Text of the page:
The improbable leap from virtual reality to reality is the most fascinating part of Mardenborough's story, and the film's trailerswhich focus almost exclusively on GT Academy—seem to know this. Unfortunately, the finished film itself does not, and this is where frustration with Gran Turismo starts to set in. Arriving at the training academy with nine other gaming hopefuls, Jann is met by his stock grizzled mentor figure, Jack Salter (the always welcome David Harbour), a former driver and engineer who is openly skeptical about this entire endeavor. "You think you can do the impossible," he tells his new recruits, in his best gruff drill-sergeant mode. "I'm here to prove that you can't." Like Jann's father's concerns, Salter's skepticism seems entirely justified: Surely there is a big difference between gaming from your bedroom and strapping yourself into a 300-mile-an-hour deathtrap?

Jann Mardenborough (Archie Madekwe) behind the wheel in GRAN TURISMO

But the film, bafflingly, skips over this leap. We should feel that difference the moment Jann first sits down in a real race car, but we don't: Gran Turismo breezes through GT Academy in a series of quick training montages, none of which tell us how Jann was able to adapt his skills to physical reality, and none of which convey either the sensory or emotional differences between driving a simulation and driving for real. I have puzzled over this choice—which is by far the film's biggest misstep—and I can only speculate that Playstation—which co-produced with Columbia, in their second feature film after last year's Uncharted—did not want to underline the differences between the simulator they sell and real life. Gran Turismo is largely product-placement for a game, and so Jann's transition to an actual car is—from a dramatic perspective—disappointingly seamless. (Apparently, I could just hop into a WWI biplane and dogfight with the Aces, with only a few words of advice and some minor adjustments to my attitude. Good to know.)

Squandering what makes this story unique and interesting, Gran Turismo seems in a hurry to become just a standard by-the-book sports movie. Jann makes the leap to professional driver, and we follow all the standard beats of the underdog story: from his early finding of his feet, to his gradual rise to success, through a disastrous setback (a real-life accident Gran Turismo borrows from later in Mardenborough's career for character building), through a triumphant final act in the grueling 24 Hours of Le Mans. (Along the way we even get an obligatory love story, in which an interesting actress named Maeve Courtier-Lilley tries to salvage a girlfriend character so underwritten I'm not sure her name is ever mentioned.) The racing sequences are well-shot and suspenseful—the real Mardenborough, we are informed at the end, served as his character's stunt driver here—but the screenplay makes this dramatic-enough true story feel too much like a phony Hollywood fabrication. Everything comes precisely where we'd expect it to: the successes and failures, the renewals of rivalries, and the well-timed confession of tragic backstory from the gruff but gold-hearted mentor.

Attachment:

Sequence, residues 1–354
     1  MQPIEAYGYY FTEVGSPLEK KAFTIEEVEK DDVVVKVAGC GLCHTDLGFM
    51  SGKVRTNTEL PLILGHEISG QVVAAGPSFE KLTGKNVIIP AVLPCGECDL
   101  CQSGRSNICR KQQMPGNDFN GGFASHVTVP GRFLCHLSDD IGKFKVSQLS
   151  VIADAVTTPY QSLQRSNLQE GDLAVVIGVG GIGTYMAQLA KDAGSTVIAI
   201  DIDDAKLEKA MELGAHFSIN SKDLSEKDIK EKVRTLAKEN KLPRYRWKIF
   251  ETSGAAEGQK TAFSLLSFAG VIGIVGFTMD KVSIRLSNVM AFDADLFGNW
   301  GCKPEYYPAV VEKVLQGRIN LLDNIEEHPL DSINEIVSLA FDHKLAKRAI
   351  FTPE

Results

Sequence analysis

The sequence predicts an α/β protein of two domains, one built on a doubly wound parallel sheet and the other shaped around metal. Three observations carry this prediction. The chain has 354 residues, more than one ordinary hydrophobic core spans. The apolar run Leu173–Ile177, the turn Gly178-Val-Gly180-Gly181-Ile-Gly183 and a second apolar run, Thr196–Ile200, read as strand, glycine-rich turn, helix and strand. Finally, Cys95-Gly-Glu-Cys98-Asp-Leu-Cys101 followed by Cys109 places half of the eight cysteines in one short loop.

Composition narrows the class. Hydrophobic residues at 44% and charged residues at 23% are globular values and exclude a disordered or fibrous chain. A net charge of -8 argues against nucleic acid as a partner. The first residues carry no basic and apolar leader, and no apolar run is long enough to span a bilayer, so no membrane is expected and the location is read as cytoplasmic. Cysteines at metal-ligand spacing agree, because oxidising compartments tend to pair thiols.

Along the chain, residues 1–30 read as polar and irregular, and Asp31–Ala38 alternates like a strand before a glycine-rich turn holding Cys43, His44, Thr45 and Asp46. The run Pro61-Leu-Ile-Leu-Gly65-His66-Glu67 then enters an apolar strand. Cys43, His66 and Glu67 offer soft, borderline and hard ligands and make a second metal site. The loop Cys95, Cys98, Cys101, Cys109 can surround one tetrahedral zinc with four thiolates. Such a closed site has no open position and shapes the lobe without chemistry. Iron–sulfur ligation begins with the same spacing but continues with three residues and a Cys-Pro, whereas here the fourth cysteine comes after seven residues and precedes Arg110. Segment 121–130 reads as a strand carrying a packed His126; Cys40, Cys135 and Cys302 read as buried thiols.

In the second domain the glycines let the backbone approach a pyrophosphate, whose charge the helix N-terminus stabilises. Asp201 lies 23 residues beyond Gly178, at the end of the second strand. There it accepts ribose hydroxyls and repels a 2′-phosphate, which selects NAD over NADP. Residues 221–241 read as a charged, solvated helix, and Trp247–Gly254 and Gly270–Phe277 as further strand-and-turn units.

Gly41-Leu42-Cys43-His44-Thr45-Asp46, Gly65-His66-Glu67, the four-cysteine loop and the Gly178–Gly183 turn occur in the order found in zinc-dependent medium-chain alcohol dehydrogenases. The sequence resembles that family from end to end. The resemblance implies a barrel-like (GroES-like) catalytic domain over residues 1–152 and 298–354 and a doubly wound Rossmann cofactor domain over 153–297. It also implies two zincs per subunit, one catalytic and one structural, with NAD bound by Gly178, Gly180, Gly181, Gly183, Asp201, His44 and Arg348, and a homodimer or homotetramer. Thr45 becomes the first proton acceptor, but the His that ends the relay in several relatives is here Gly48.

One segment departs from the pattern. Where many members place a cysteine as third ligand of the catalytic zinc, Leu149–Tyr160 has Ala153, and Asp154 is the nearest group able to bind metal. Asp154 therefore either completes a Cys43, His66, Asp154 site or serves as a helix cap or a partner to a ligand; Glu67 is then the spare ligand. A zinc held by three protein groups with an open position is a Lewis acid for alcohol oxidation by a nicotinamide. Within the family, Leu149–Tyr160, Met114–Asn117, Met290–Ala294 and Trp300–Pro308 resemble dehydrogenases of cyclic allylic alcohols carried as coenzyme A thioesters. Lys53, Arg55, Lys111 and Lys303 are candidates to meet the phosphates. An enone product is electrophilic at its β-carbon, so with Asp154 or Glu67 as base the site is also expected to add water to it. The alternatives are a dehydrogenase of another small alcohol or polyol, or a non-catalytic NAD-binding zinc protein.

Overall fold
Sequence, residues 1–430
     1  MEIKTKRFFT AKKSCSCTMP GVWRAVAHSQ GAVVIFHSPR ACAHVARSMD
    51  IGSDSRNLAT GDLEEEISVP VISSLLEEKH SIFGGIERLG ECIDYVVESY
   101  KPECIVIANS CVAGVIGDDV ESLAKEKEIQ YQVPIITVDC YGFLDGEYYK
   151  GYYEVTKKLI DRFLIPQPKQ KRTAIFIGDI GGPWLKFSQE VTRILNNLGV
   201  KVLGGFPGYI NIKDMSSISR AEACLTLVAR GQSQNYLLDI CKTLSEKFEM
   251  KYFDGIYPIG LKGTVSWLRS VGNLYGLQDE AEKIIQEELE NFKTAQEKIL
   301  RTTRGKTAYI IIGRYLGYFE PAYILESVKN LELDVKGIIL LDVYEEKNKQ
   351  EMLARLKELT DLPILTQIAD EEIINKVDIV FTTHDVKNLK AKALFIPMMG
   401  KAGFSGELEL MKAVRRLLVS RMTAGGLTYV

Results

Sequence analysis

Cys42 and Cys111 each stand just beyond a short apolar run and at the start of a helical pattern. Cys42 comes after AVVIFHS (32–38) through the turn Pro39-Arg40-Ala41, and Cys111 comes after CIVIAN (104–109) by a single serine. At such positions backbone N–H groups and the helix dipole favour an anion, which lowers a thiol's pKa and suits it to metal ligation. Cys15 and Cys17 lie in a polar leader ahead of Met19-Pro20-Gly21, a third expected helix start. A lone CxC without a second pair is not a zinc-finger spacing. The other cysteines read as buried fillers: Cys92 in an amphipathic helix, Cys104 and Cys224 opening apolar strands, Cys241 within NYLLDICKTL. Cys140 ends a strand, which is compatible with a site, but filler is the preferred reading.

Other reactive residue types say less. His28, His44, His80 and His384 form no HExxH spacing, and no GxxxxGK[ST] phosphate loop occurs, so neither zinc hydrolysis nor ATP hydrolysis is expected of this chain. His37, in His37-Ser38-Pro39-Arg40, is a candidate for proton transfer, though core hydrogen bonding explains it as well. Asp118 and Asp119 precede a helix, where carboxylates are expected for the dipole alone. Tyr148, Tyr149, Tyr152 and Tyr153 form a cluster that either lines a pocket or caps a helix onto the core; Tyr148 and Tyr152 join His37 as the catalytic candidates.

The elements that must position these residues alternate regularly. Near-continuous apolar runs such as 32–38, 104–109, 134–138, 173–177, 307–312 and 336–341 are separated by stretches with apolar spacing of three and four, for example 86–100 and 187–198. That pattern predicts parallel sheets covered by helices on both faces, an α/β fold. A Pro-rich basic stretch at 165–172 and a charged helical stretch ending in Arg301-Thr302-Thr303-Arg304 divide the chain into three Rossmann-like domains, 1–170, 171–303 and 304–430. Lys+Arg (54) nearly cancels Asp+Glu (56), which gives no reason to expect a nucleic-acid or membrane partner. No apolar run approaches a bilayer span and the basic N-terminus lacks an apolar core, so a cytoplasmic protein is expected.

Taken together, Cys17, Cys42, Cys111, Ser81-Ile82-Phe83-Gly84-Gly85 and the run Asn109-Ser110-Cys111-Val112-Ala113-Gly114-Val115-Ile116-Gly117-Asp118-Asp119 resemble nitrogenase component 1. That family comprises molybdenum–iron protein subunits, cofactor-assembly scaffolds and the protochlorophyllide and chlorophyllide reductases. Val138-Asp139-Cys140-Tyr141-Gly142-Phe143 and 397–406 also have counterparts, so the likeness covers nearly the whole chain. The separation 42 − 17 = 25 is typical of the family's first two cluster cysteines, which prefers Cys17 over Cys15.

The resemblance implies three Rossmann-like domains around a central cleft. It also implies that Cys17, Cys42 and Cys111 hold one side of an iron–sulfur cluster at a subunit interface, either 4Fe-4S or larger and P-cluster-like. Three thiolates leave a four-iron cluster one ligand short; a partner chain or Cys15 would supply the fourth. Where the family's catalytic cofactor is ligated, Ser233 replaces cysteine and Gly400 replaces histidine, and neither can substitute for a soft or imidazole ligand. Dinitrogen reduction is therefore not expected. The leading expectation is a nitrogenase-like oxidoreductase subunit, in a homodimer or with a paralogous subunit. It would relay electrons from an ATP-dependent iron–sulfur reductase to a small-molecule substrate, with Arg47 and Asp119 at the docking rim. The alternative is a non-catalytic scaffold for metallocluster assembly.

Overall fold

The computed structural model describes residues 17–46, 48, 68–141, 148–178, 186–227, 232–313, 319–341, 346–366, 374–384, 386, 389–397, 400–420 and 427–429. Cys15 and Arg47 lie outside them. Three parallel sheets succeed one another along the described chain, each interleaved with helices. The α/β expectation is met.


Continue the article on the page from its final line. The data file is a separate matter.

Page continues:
(It's a minor critique, but an illustrative one, that this final element struck me as the least realistic dramatic beat in Gran Turismo. The screenplay conveniently saves the revelation of Salter's "mysterious" past—Why did he quit racing?—until Salter needs it to inspire his wounded young charge. But surely a computer savvy kid like Jann would have Googled his teacher's publicly-available biography before he ever met him?)

What is missing in Gran Turismo, ultimately, is emotion. We are constantly told what an extraordinary thing Jann is doing, but we don't feel it. I suspect there is blame to be shared all around—between the direction, the screenplay, the mandate of the corporate overlords, and Madekwe's decent but unexpressive performance—but we never really feel either the fear or exhilaration of sitting in a race-car seat instead of a desk chair. Gran Turismo should have put us inside the car, so we could feel for the first time—as Jann does—the weight of the vehicle, the vibrations, the speed, the terror and thrill of tiny split second adjustments made at 300-miles-per-hour. Instead, ironically, the film—though skillfully enough made—ends up feeling emotionally a little too much like watching someone else play a video game.